Location: Soil and Water Management Research
Title: Sebal for Estimating Hourly Et Fluxes over Irrigated and Dryland Cotton During Bearex08 Authors
Submitted to: Proceedings of the World Environmental and Water Resources Congress Conference
Publication Type: Proceedings
Publication Acceptance Date: February 9, 2011
Publication Date: May 22, 2011
Citation: Gowda, P., Howell, T.A., Paul, G., Colaizzi, P.D., Marek, T.H., Copeland, K.S. 2011. SEBAL for estimating hourly ET fluxes over irrigated and dryland cotton during BEAREX08. Proceedings of the World Environmental and Water Resources Congress Conference. Paper No. 2787. 2011 CDROM. Interpretive Summary: Numerous remote sensing based models are available for estimating and mapping evapotranspiration (ET) from field to regional scale. Resulting ET maps can be used to assist producers to manage irrigation on their cropland. Before employing any remote sensing based ET model for irrigation management, they should be thoroughly evaluated with different cropping systems. In this study, we evaluated one of the most commonly used ET models in the world, SEBAL, for its ability to estimate ET on cotton canopies in the Texas High Plains using Landsat Thematic Mapper data. Results indicated good performance by the SEBAL model.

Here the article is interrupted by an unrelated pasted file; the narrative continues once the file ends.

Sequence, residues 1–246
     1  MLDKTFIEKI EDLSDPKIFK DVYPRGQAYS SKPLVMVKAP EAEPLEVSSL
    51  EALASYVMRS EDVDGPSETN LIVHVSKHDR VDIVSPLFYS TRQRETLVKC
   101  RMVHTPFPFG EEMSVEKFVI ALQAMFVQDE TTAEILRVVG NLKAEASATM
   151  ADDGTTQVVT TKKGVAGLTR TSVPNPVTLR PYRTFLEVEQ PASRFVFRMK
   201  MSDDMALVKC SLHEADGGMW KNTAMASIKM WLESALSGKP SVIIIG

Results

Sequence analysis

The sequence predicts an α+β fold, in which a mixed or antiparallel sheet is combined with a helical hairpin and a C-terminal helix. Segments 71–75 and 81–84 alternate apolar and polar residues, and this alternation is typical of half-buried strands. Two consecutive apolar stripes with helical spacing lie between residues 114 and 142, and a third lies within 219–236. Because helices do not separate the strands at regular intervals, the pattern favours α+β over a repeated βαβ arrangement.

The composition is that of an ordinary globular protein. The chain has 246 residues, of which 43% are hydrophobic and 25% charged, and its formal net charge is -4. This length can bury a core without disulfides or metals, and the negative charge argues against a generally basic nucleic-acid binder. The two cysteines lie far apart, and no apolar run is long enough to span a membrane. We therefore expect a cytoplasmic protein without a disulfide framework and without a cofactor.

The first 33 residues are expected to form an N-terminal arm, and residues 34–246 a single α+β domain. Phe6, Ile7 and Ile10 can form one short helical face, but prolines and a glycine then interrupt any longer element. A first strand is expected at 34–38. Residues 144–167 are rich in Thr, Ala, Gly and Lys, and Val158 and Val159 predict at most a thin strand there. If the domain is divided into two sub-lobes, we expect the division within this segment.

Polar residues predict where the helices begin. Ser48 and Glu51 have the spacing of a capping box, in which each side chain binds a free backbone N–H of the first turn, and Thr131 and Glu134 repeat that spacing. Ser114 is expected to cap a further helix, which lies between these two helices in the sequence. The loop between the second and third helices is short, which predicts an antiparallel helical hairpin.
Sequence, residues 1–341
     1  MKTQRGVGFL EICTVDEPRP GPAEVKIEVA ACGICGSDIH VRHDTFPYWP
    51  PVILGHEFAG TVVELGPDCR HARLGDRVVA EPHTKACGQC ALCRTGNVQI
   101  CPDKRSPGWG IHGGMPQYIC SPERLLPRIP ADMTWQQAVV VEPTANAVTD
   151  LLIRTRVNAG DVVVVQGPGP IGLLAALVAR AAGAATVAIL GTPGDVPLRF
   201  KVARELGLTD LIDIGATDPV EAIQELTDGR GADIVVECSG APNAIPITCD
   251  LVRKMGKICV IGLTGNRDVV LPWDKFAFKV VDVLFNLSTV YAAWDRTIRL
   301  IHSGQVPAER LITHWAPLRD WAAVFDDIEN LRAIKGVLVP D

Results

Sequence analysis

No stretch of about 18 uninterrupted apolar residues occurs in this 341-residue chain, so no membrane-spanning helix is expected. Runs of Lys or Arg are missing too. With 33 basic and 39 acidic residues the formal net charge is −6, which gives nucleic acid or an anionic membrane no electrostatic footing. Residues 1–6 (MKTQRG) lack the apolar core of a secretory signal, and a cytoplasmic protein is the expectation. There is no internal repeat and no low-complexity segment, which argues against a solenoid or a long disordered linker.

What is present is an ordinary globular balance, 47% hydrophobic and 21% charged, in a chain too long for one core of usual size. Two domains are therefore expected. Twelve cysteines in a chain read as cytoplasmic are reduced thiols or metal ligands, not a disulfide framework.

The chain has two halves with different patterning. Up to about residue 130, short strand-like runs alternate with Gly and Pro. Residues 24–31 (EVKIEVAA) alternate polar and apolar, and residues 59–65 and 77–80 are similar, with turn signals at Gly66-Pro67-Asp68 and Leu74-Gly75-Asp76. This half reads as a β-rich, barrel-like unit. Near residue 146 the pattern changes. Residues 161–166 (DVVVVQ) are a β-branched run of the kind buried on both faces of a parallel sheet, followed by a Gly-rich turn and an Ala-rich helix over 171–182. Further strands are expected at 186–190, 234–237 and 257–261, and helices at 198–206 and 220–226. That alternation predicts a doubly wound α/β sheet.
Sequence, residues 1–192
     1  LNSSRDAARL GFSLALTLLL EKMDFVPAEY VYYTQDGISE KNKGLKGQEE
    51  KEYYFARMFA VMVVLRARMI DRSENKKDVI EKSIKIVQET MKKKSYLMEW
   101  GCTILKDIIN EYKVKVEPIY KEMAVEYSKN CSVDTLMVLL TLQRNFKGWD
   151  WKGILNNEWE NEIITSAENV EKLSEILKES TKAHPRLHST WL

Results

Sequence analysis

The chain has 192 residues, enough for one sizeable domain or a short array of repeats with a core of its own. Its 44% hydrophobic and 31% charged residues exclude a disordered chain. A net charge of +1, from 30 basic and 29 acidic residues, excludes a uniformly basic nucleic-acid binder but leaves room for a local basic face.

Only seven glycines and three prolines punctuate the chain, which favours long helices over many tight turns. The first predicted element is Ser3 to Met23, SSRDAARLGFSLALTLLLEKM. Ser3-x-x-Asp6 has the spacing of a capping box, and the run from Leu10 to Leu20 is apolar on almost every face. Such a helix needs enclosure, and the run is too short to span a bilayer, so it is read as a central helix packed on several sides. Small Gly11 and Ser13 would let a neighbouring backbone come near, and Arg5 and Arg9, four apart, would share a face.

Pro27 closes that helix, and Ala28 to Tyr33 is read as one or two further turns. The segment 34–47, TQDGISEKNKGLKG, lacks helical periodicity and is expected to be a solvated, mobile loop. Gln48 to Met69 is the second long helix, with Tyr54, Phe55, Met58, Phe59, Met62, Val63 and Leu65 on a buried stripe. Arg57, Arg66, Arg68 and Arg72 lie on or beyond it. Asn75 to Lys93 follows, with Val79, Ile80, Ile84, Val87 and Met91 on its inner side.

Technical Abstract: Numerous energy balance (EB) algorithms have been developed to make use of remote sensing data for mapping evapotranspiration (ET) on a regional basis. Adopting any or a combination of these models for an operational ET remote sensing program requires thorough evaluation. The main objective of this paper was to evaluate the Surface Energy Balance for Land (SEBAL), an EB based ET estimation algorithm, using lysimeter data and three Landsat TM images covering a major portion of the Texas High Plains acquired during the Bushland Evapotranspiration and Agricultural Remote Sensing Experiment 2008 (BEAREX08). Performance of the SEBAL was evaluated by comparing estimated surface temperature, net radiation, soil heat flux, and hourly ET, with measured data on four large lysimeters at the USDA-ARS Conservation and Production Research Laboratory, Bushland, Texas [350 11 deg N, 1020 06 deg W; 1,170 m elevation MSL]. Crops grown on the lysimeter fields include irrigated and dryland cotton. Performance statistics indicated that SEBAL performed well estimating hourly ET rates for both irrigated and dryland cotton surfaces. Currently, more evaluation is being done to evaluate the SEBAL for other major summer crops grown in the Texas High Plains.